Volunteer of year dentist David Digges restores smiles to those who’ve lost their way


Danielle Valia “hates to smile” because her teeth tell the tale of  a hard life, including drug addiction and the subsequent treatment, methadone.


“[Methadone] does bad things to your teeth,” said Ms Valia, 29, of Sydney’s northwest, a former prisoner who has been clean for several years.

Now  she is receiving a “dental rescue” from NSW’s 2016 volunteer of the year, dentist David Digges.


On Friday afternoon the Bellevue Hill-based dentist was named volunteer of the year by the Centre for Volunteering NSW for his work establishing the National Dental Foundation. Started 10 years ago, it is now a national network of 100 dentists who donate a day or two a year to provide free care to those who can’t access or afford timely care.  In the 2015-2016 financial year dentists donated “260 Dental Rescue days”, providing treatment worth $600,000.


Dr Digges is often called the “Fred Hollows of dentistry” for his work transforming the smiles of former prisoners, drug addicts and others who can’t afford or get dental care.


But the otherwise modest dentist, with the million dollar Hollywood smile, joked that he has “better teeth” than the late Fred Hollows, the eye specialist whose non-profit stopped thousands of people in Asia and Africa from going blind.


Gemma Rygate, CEO of Volunteering, NSW, said Dr Digges was selected Volunteer of the Year because of the profound difference a presentable set of teeth can make to the lives of those who cannot afford regular dental care.


“The gift of a smile is truly one of the most dignifying and uplifting acts anyone can bestow,” Ms Rygate said. “Damaged teeth can significantly impact on the way society treats you.”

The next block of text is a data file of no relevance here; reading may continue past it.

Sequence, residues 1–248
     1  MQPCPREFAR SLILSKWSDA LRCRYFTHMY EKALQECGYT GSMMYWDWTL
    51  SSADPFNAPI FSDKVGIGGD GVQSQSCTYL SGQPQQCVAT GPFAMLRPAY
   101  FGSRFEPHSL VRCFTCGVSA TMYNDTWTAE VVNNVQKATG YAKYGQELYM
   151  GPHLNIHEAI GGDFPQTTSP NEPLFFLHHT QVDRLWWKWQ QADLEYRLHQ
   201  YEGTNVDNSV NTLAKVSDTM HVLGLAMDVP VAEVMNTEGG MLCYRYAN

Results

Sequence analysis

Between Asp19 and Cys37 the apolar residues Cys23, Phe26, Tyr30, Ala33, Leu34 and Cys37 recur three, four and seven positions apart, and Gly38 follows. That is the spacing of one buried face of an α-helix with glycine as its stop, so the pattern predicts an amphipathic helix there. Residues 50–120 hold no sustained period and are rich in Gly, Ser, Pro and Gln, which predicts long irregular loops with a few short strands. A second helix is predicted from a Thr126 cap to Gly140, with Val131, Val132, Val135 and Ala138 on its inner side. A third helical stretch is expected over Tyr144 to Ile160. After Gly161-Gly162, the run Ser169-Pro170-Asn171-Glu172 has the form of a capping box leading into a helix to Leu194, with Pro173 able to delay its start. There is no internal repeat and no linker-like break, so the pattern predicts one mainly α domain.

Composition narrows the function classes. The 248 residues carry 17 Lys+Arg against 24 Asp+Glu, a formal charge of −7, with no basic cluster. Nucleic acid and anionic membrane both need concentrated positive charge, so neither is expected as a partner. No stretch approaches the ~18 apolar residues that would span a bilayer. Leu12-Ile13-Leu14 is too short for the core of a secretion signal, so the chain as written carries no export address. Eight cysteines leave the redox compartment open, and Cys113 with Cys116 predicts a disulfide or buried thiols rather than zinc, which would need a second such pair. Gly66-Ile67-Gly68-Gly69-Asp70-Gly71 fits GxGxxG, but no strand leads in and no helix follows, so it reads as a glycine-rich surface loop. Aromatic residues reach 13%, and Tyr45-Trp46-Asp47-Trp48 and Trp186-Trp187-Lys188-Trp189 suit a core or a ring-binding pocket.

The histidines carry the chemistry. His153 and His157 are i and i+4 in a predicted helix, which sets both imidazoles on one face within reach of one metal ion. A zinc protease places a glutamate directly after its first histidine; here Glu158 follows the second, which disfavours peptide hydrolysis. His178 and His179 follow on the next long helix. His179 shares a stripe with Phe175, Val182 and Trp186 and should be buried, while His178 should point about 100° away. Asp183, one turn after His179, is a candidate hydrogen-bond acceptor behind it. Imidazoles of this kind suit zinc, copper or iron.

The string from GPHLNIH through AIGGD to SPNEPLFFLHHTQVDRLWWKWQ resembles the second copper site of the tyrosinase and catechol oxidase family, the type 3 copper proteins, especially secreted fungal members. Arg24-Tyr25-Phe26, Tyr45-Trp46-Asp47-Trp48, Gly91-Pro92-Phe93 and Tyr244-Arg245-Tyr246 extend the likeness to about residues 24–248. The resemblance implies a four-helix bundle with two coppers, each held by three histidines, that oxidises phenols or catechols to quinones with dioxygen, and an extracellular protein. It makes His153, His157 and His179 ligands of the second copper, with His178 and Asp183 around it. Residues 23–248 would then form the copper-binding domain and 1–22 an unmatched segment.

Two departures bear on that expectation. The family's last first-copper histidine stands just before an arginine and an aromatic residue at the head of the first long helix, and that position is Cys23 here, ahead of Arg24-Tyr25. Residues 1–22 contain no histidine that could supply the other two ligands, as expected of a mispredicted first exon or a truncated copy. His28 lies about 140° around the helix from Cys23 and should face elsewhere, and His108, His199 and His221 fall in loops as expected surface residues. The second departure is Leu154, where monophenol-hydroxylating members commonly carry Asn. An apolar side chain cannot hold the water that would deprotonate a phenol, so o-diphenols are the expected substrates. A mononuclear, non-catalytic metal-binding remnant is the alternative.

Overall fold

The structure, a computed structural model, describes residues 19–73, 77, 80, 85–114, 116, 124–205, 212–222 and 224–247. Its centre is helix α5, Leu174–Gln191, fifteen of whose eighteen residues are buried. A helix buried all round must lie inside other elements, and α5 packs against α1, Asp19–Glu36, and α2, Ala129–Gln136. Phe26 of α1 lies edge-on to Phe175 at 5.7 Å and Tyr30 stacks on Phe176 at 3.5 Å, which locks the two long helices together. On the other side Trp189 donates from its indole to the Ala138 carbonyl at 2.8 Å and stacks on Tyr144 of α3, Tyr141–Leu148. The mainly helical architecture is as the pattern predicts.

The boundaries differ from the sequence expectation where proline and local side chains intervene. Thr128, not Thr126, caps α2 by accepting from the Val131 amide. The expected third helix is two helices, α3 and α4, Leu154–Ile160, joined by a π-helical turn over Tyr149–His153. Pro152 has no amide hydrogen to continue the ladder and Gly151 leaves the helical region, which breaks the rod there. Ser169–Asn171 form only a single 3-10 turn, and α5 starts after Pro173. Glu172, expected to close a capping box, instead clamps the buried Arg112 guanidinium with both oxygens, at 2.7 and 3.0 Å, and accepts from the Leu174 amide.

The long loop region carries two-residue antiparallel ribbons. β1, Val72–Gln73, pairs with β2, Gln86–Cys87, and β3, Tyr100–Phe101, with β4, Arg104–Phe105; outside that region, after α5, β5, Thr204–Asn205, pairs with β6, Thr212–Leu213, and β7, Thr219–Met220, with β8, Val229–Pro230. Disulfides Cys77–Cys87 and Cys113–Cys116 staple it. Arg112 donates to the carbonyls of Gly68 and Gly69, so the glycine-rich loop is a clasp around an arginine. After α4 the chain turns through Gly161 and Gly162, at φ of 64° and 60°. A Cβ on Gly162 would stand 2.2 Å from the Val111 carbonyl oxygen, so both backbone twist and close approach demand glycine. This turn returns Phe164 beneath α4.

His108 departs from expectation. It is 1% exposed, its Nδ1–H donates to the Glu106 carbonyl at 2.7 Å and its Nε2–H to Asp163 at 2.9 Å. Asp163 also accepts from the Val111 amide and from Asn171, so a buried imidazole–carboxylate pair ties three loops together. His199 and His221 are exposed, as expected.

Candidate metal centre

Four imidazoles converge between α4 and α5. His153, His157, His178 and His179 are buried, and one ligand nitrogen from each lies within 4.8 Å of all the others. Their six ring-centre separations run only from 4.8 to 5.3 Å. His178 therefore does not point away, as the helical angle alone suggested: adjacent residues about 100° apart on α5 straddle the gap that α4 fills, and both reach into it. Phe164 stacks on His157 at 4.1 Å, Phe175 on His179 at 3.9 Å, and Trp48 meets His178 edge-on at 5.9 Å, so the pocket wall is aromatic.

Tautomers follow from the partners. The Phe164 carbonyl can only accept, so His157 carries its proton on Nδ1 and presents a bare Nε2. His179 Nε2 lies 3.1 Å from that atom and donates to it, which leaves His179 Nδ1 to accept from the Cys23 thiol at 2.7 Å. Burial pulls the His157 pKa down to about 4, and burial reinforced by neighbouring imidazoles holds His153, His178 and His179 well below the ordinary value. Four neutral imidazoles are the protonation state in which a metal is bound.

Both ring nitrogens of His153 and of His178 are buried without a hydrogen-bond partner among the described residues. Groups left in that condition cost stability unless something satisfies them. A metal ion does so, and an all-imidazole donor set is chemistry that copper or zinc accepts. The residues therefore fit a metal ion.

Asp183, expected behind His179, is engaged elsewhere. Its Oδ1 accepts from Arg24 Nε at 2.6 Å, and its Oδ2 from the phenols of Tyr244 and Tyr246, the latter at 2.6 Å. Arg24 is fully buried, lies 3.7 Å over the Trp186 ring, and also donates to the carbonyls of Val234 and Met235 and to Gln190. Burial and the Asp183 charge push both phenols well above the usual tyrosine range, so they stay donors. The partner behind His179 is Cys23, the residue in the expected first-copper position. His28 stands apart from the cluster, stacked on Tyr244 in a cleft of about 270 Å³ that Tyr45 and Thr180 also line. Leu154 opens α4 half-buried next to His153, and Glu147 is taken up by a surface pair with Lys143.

Dr David Digges with Danielle Valia, in his dental surgery. He formed a national network of 100 dentists who donate a day or two a year to provide free care to those who can’t access or afford timely care. Photo: Janie Barrett


In 2005 Dr Digges began volunteering for two weeks every year, providing emergency dental care to people in mountainous parts of Timor L’este where there are no qualified dentists outside the capital.


It was hot, it was hard. The dentists stayed in huts with concrete floors and washed in a bucket. The small groups, often including Dr Digges’ wife and children, provided dental emergency care to 100 people a day from a mobile unit in the back of an army convoy. Sometimes they’d spot other problems, an oral cancer or a boy with a cough, that left untreated could have killed.




One of Dr David Digges pro bono patients arrived with teeth ruined by years of hard life, neglect and diffculty accessing dental care. Photo: Dr David Digges


Dr Digges remembers flying home from his first visit to Timor  and asking himself what dental services were available to those in need in  Australia.

“Sometimes in the world you are only a

few steps off the right track and it takes

you down the wrong way.”

                                              Dr David Digges, NSW volunteer of the year, 2016